Vascular Plants of North Carolina
Account for American Snowbell - Styrax americanus   Lamarck
Members of Styracaceae:
Members of Styrax with account distribution info or public map:
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Section 6 » Order Ebenales » Family Styracaceae
DistributionEssentially throughout the southwestern half of the Coastal Plain, but of spotty distribution north and east of Johnston and Wayne counties. Undoubtedly absent from many far eastern counties (east of Perquimans, Pitt, and Jones counties). Ranges west to the eastern edge of the Piedmont, sparingly. Certainly absent from nearly all the northwestern 50% of the state.

This is primarily a Coastal Plain species, ranging north to eastern VA and (in the Mississippi drainage) southern IL and southeastern MO. It occurs south to southern FL and eastern TX. It is essentially absent from montane areas.
AbundanceUncommon to locally fairly common in the Sandhills and to the east in the southern Coastal Plain. Generally rare farther northward and northeastward. Very rare to rare in the narrow Piedmont range. Not really common anywhere in the state, though found in all counties from Wake and Johnston south to the SC line (Richmond to Brunswick counties).
HabitatThis species occurs mainly along the margins of wet or damp forested habitats, in generally blackwater conditions. It is often found along a swamp margin, or edge of a pocosin, or along a small blackwater stream, though it is not typically considered as a true “pocosin” shrub. It can occur in wetland pools and along Piedmont streams, again mostly where partly exposed to sunlight.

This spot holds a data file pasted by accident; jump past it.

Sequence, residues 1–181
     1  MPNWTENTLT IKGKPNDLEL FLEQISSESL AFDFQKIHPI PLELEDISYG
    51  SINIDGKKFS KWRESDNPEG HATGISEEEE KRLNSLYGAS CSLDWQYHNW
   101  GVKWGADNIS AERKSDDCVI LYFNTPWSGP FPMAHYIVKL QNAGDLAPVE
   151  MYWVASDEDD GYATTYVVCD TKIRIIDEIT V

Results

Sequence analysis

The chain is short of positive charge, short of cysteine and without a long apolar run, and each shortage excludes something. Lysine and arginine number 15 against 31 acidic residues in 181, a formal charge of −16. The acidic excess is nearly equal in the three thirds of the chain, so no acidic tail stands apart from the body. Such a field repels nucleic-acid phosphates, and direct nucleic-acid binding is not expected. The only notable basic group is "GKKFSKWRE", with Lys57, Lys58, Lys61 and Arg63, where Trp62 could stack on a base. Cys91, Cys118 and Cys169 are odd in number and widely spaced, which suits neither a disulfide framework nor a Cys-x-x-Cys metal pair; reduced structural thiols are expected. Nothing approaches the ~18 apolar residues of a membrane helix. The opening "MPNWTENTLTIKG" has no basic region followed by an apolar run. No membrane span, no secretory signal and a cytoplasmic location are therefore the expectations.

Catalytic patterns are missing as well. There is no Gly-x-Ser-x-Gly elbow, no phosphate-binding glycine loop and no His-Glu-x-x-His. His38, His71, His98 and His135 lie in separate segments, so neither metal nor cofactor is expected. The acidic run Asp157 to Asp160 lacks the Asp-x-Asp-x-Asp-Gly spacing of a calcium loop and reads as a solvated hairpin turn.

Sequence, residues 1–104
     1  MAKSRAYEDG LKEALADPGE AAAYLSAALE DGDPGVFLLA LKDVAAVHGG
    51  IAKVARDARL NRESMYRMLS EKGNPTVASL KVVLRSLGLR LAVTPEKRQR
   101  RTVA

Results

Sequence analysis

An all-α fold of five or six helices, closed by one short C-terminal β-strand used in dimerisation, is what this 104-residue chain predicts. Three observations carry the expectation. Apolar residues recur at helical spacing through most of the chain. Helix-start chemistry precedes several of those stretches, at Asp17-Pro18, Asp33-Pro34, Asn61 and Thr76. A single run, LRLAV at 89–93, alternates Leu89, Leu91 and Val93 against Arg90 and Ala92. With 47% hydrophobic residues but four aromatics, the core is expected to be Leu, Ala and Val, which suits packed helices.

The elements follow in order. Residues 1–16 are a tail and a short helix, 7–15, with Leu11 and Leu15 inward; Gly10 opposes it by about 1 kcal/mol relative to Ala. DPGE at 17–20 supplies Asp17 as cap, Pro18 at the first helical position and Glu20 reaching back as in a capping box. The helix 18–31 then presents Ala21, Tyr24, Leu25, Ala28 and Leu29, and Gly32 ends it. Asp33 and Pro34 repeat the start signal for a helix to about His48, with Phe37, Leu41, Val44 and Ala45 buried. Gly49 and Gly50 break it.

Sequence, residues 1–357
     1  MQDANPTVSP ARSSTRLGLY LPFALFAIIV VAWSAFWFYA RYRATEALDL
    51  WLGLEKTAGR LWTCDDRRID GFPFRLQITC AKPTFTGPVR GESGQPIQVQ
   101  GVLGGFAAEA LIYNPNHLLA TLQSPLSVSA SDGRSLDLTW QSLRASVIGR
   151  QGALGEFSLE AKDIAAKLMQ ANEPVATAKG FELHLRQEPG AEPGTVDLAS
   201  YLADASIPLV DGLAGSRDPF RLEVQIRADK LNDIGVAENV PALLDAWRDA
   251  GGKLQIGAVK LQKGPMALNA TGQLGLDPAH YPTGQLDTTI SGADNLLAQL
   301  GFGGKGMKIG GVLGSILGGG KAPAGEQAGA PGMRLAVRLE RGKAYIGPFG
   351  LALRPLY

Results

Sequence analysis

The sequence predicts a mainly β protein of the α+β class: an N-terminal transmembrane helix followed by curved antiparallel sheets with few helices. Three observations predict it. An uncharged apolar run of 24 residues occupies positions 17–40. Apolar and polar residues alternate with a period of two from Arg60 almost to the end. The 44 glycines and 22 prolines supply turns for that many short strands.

PhenologyFlowers from April to June, and fruits from July to September.
IdentificationThis species, despite a wide range in the state, is unfamiliar to most biologists, as it is seldom really numerous. It is a fairly tall deciduous shrub, averaging about 8-10 feet tall, and is essentially never a small tree. The alternate leaves, though widely elliptical and essentially entire, tend to have irregular margins (and an occasional small tooth), so the effect is that the margins are not usually smoothly rounded. They are rather small, averaging only about 2 inches long. If visible, the flowers should clinch identification, as they are dangling, white, numerous along the branches, and with mostly five strongly recurved petals. Both species of Styrax in NC have these flowers, and both have distinct naked end buds that are visible in early spring. However, S. grandifolius is mostly an upland species, grows to a large shrub or small tree, and has much larger leaves. Most people would simply overlook a non-flowering S. americanus as a highbush blueberry (Vaccinium) or some other wetland ericad like Maleberry (Lyonia ligustrina); however, the end buds and leaves are distinctive once learned.
Taxonomic CommentsWeakley (2018) and some other references split the species into varieties; the one in NC is the nominate form – S. americanus var. americanus. Into much of the last century, the species was named as Styrax americana.

Other Common Name(s)American Storax
State RankS3 [S3S4]
Global RankG5
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B.A. SorrieSandhills Game Land, S end Bagget Lake, late Apr 2022. RichmondPhoto_natural
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